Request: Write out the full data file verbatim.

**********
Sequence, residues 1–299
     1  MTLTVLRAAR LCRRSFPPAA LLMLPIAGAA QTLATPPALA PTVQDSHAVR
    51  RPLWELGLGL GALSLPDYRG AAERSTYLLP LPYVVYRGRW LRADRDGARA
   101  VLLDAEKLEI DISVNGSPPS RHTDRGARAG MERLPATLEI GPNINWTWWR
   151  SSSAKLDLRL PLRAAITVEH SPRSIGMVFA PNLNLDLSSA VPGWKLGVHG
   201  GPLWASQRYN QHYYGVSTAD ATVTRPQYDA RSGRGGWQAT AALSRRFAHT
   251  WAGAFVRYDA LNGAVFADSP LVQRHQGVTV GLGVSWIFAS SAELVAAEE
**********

Sequence, residues 1–299
     1  MTLTVLRAAR LCRRSFPPAA LLMLPIAGAA QTLATPPALA PTVQDSHAVR
    51  RPLWELGLGL GALSLPDYRG AAERSTYLLP LPYVVYRGRW LRADRDGARA
   101  VLLDAEKLEI DISVNGSPPS RHTDRGARAG MERLPATLEI GPNINWTWWR
   151  SSSAKLDLRL PLRAAITVEH SPRSIGMVFA PNLNLDLSSA VPGWKLGVHG
   201  GPLWASQRYN QHYYGVSTAD ATVTRPQYDA RSGRGGWQAT AALSRRFAHT
   251  WAGAFVRYDA LNGAVFADSP LVQRHQGVTV GLGVSWIFAS SAELVAAEE